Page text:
Will P2P lenders stick or twist as personal loan rates rise?
PERSONAL loan rates have begun ticking back up from their record lows, but how have peer-to-peer lenders been responding to the changing consumer borrowing market?
In recent years personal loan rates have fallen to below three per cent as banks have benefited from cheap funding on the wholesale markets, helping them lend to borrowers at a cheaper rate.
But Andrew Hagger, founder of financial consultancy Moneycomms, says the sub-three per cent personal loan may soon be confined to the past.
Read more: Demand for personal loans continues to grow
Four of the most competitive personal loan providers were offering a 2.8 per cent or 2.9 per cent rate for a loan of £10,000 plus at the start of November, however one month later rates have been hiked and it’s becoming more expensive to borrow larger sums.
For example, M&S Bank and Sainsbury’s both offered a personal loan rate of 2.8 per cent at the start of last month, which has now increased to three per cent and 2.9 per cent respectively.
Similarly, TSB’s record low rate of 2.8 per cent has been hiked to 3.8 per cent.
But the move by mainstream lenders may benefit P2P platforms who price loans based on criteria separate to the wholesale market such as the supply of investors.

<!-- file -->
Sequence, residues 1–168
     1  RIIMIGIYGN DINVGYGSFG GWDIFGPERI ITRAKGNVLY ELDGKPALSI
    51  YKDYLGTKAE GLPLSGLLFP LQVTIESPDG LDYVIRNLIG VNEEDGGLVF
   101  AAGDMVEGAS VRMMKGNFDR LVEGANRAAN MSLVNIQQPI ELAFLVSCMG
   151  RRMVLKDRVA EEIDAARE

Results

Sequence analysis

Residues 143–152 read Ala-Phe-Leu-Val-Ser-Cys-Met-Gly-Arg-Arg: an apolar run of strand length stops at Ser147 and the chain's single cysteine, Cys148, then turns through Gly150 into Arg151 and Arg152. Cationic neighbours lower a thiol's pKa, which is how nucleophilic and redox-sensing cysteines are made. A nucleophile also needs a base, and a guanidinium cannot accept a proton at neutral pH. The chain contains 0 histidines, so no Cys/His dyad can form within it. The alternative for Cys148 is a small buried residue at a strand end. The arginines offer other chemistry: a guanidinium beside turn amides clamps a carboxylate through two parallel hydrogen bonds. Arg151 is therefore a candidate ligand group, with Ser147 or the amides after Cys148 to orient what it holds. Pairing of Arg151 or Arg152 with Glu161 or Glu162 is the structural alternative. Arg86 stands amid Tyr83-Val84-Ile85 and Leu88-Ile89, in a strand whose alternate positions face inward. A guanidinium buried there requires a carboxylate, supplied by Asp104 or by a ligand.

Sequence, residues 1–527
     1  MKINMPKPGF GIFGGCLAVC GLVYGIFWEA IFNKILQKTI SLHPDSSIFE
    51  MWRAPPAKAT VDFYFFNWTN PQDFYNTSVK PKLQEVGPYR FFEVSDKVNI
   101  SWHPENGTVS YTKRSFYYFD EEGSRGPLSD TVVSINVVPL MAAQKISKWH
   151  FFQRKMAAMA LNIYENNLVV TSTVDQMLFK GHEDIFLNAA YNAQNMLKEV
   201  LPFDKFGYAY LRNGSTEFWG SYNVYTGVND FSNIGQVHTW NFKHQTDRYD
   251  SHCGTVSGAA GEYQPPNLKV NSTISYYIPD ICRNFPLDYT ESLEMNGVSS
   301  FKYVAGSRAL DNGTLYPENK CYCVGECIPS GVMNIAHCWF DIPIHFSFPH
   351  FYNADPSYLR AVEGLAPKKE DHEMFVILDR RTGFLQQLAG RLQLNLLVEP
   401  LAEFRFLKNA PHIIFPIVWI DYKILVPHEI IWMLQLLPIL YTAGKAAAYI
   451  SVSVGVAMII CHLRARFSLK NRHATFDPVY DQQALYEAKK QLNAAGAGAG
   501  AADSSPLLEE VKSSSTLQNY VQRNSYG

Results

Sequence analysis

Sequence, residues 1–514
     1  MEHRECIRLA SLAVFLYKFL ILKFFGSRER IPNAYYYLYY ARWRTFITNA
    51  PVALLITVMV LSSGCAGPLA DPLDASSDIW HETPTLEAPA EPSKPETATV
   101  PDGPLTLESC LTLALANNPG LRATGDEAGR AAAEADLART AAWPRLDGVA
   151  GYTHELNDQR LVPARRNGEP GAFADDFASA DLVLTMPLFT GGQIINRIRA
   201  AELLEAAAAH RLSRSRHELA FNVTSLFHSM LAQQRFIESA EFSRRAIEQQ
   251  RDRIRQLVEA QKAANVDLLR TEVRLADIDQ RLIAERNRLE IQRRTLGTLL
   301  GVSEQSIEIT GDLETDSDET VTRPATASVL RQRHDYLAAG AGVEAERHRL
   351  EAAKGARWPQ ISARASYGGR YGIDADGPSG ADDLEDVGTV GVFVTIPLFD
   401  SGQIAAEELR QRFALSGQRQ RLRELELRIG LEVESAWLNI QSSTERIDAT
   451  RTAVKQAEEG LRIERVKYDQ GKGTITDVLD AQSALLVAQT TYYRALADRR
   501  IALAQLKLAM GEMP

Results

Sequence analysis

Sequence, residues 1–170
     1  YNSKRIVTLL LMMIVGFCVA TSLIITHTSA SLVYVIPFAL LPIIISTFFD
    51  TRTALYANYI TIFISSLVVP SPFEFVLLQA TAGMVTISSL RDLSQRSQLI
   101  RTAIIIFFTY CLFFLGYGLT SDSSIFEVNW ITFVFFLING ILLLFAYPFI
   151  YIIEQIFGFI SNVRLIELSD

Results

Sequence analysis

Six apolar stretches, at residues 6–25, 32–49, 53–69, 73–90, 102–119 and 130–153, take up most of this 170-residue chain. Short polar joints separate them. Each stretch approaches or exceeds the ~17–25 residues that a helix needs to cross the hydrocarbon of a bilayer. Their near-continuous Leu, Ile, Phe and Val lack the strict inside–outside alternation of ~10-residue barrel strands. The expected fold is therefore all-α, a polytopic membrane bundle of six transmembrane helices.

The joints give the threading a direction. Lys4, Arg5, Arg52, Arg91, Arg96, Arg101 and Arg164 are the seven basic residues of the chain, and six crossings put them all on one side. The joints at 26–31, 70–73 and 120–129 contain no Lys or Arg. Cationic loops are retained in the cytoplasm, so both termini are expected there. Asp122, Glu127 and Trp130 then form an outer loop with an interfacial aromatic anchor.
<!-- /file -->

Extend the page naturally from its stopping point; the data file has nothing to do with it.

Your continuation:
This does often mean P2P lenders have been more expensive in comparison to banks but the lending criteria may be better and the loans may be approved quicker due to better technology.
Zopa, which often competes well with mainstream providers, is now is back at the top of the tables with a rate of 2.9 per cent.
This rate has been pretty static in recent months.
In comparison, P2P borrowers can expect to pay 5.1 per cent with Lending Works, down from 7.9 per cent in September, and 6.9 per cent with RateSetter, which is up from a typical annual rate of 3.9 per cent three months ago.
“Personal borrowers have enjoyed record low personal loan rates and long term interest free balance transfer deals in recent years, but there are growing signs that the tide is starting to change,” Hagger said.
“The new squeeze on lenders is probably down to a number of factors, such as the recent base rate hike, concerns from the regulator and Bank of England regarding a possible credit bubble and inflation biting hard and reducing people’s disposable income.”
Traditional loan providers may see the interest rate hike and economic uncertainty as an opportunity to increase pricing, but this could be a chance for P2P lenders to show how they stand out from the mainstream and let their products be decided by people rather than politics.